Herbert Brownell, Jr.
|62nd United States Attorney General|
January 21, 1953 – October 23, 1957
|Preceded by||James McGranery|
|Succeeded by||William Rogers|
|Chairperson of the Republican National Committee|
|Preceded by||Harrison Spangler|
|Succeeded by||Carroll Reece|
February 20, 1904|
Nemaha County, Nebraska, U.S.
|Died||May 1, 1996
New York City, New York, U.S.
|Spouse(s)||Doris McCarter (1934–1979)
Marion Taylor (1987–1989)
|Alma mater||University of Nebraska, Lincoln
Brownell, one of the seven children of Herbert and May Miller Brownell, was born in Nemaha County, Nebraska near the town of Peru. His father, Herbert Brownell, Sr., was a professor and author at the Peru State Normal School in education and physical sciences. After graduating Phi Beta Kappa from the University of Nebraska in 1924, and, in his senior year, being a member of the Society of Innocents, Brownell attended Yale Law School, earning his law degree in 1927. While at the University of Nebraska he joined The Delta Upsilon Fraternity.
Brownell was admitted to the bar in New York, and began his practice in New York City. In February 1929, he joined the law firm of Lord Day & Lord in New York, and except for periods of public service remained with them until his retirement in 1989. He married Doris McCarter on June 16, 1934. They had four children (Joan Brownell, Ann Brownell, Thomas McCarter Brownell, and James Barker Brownell) and remained together until McCarter's death on June 12, 1979. He married his second wife Marion Taylor in 1987, but the couple separated and divorced in December 1989.
Besides his law practice, Brownell had a long and active political career as a Republican. He was a member of the New York State Assembly (New York Co., 10th D.) in 1933, 1934, 1935, 1936 and 1937. In 1942, he was the campaign manager for Thomas E. Dewey's election as governor of New York. He also managed Dewey's 1944 and 1948 campaigns for president. From 1944 to 1946 he was chairman of the Republican National Committee, where he focused on modernizing the RNC with advanced polling methods and fundraising techniques. He was credited by many as being instrumental in helping the Republicans to gain control of the United States Congress in the 1946 off-year elections.
Brownell was instrumental in convincing General Dwight D. Eisenhower to run for President of the United States, and worked in Eisenhower's 1952 campaign. Along with Thomas Dewey, Brownell was instrumental in Eisenhower's selection of Richard Nixon as his vice-presidential running mate. (Source: Earl Mazo, "Richard Nixon: A Political & Personal Portrait," p. 89, 96). Eisenhower appointed Brownell Attorney General. He served from January 21, 1953 until October 23, 1957. Early in his term, he was involved in several landmark civil rights cases, including Brown v. Board of Education. Although it was weakened by the United States Senate, he drafted the legislative proposal that ultimately became the Civil Rights Act of 1957, which was the first civil rights law enacted since 1875. Because of his strong stance in favor of civil rights, Brownell became very unpopular in the South. Eisenhower wished to nominate Brownell to the Supreme Court when vacancies occurred in 1957 and 1958 but felt he could not because segregationists in the Senate would fight and defeat the nomination.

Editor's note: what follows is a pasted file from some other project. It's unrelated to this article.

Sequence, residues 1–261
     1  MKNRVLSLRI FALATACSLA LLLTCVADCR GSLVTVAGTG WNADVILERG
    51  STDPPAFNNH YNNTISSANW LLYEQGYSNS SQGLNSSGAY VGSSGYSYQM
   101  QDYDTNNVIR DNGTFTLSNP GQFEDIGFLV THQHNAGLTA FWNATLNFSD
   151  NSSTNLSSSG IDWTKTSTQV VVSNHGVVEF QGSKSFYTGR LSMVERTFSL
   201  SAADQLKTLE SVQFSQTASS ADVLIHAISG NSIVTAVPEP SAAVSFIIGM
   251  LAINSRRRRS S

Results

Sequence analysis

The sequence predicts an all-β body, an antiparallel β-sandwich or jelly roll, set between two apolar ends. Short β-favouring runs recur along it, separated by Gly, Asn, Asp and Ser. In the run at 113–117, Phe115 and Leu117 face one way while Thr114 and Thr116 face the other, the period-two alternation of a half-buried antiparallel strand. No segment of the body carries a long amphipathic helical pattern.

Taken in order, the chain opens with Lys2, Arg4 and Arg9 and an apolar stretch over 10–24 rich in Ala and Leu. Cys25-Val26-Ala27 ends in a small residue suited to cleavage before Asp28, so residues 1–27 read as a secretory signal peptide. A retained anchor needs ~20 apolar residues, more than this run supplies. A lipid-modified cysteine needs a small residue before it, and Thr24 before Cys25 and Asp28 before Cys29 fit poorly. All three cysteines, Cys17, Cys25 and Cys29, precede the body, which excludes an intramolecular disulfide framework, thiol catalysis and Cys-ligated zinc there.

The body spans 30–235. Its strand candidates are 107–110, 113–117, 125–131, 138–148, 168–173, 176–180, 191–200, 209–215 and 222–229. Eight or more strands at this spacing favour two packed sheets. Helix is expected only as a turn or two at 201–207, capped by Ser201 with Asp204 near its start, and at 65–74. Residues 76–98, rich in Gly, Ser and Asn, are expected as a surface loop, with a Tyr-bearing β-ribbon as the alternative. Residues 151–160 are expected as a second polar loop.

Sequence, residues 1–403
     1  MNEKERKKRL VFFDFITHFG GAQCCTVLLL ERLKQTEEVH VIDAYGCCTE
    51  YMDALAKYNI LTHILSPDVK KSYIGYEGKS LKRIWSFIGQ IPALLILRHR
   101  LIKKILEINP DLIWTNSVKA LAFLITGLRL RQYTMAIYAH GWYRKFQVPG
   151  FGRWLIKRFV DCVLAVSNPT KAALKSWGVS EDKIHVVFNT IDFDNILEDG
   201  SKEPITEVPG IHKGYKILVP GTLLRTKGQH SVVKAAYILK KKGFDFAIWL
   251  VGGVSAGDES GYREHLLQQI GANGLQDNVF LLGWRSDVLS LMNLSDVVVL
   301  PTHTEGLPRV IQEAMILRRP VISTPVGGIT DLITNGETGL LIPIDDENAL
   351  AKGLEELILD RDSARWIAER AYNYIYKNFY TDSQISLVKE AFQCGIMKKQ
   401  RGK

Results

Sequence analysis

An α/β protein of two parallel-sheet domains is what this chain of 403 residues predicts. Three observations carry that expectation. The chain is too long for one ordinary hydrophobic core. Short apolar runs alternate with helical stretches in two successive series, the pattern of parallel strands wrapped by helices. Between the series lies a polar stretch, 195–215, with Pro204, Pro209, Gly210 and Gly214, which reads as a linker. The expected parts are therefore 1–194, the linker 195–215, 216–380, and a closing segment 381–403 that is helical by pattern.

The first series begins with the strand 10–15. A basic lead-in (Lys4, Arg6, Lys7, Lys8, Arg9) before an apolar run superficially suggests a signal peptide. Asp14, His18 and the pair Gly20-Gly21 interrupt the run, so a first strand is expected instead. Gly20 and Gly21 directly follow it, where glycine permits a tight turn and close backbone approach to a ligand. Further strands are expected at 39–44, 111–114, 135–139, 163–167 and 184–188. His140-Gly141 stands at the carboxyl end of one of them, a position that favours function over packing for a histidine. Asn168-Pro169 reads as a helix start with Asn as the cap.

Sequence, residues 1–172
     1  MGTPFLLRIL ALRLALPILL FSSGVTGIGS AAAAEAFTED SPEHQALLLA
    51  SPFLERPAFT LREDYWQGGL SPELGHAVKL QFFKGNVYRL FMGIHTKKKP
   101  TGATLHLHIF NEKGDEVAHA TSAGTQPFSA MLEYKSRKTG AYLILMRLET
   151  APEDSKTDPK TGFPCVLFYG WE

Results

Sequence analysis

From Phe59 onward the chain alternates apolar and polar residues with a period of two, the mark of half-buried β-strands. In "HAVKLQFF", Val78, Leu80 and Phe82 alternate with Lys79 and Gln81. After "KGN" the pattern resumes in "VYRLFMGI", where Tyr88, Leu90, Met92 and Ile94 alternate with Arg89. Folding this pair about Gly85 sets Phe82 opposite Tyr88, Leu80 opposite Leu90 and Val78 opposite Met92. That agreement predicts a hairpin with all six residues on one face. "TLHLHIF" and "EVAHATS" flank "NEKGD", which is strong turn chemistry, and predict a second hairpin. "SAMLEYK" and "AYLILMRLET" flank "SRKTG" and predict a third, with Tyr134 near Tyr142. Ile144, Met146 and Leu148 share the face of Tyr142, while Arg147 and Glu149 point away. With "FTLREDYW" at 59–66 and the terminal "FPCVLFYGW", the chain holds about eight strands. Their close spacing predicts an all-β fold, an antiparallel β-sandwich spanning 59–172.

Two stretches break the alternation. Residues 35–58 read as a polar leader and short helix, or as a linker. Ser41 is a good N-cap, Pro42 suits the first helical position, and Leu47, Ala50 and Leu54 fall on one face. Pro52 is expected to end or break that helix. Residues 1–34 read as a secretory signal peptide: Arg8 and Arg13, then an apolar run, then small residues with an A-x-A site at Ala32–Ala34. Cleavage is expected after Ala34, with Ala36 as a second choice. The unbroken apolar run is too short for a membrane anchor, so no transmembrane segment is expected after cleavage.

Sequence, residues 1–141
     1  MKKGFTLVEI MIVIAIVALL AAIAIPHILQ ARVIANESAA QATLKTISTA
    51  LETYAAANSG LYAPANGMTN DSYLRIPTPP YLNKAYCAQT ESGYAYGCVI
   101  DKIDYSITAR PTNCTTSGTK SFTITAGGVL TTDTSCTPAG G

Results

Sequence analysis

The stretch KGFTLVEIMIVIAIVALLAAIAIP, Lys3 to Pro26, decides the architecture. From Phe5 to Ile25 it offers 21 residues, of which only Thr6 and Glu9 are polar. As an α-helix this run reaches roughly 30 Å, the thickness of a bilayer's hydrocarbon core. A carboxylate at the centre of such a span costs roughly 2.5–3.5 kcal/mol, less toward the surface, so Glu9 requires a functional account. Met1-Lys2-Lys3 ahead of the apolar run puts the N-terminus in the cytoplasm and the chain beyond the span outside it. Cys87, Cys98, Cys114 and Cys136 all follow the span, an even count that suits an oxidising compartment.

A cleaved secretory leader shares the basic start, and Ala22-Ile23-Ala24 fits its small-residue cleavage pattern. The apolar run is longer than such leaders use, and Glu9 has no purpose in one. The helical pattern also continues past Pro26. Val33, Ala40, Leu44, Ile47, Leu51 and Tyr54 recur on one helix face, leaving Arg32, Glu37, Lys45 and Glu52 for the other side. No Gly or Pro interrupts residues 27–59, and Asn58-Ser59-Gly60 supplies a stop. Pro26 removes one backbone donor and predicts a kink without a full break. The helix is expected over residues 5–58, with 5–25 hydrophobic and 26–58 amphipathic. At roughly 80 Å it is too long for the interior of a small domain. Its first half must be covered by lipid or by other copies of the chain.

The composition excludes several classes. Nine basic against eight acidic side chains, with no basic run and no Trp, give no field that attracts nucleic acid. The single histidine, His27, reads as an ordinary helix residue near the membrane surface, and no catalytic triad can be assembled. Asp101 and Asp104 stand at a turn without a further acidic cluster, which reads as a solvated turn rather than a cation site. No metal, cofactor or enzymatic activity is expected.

Brownell stepped down as attorney general only after his advice was followed in the Little Rock desegregation case. Osro Cobb, the United States Attorney for the Eastern District of Arkansas, reflects on Brownell's tenure:
...Brownell had stuck by his guns for the hard line on the integration dispute. His advice had been followed. The government was committed with no easy way to extricate itself. Many people on both sides of the controversy were becoming increasingly unhappy. I am inclined to believe that while Mr. Brownell was genuinely pleased with the policy, he was grievously disappointed that it had not achieved better results. The impasse with Governor Orval Faubus may have contributed substantially to his decision to retire. We may not get the answer until and if he writes his memoirs, but I doubt it even then because the Herbert Brownell I grew to know would not write about his personal secrets. Mr. Brownell was both praised and condemned as he departed from office....
In 1965, Brownell chaired a committee to find civilians who would serve on the first impartial Civilian Complaint Review Board of New York City. It was the first such citizen oversight of police in the country.
Brownell later served as the United States representative to the Permanent Court of Arbitration in The Hague and from 1972 to 1974, he was special U.S. envoy to Mexico for negotiations over the Colorado River.
In addition to many honors and other civic roles, Brownell was President of the New York City Bar Association in 1982. From 1986 to 1989 he served on the Commission for the Bicentennial of the United States Constitution. He died of cancer at the New York Hospital Cornell-Medical Center in Manhattan, New York on May 1, 1996, at the age of ninety-two.
- Herbert Brownell and John P. Burke; Advising Ike: The Memoirs of Attorney General Herbert Brownell; 1993, University of Kansas Press; ISBN 0-7006-0590-8.
- Osro Cobb, Osro Cobb of Arkansas: Memoirs of Historical Significance, Carol Griffee, ed. (Little Rock, Arkansas: Rose Publishing Company, 1989), p. 251
- Dean, J.W. (2002). The Rehnquist Choice: The Untold Story of the Nixon Appointment That Redefined the Supreme Court. Free Press. p. 12. ISBN 9780743229791. Retrieved 2015-09-13.
|New York Assembly|
Langdon W. Post
|New York Assembly
|Party political offices|
Harrison E. Spangler
|Chairperson of the Republican National Committee
B. Carroll Reece
James P. McGranery
|United States Attorney General
William P. Rogers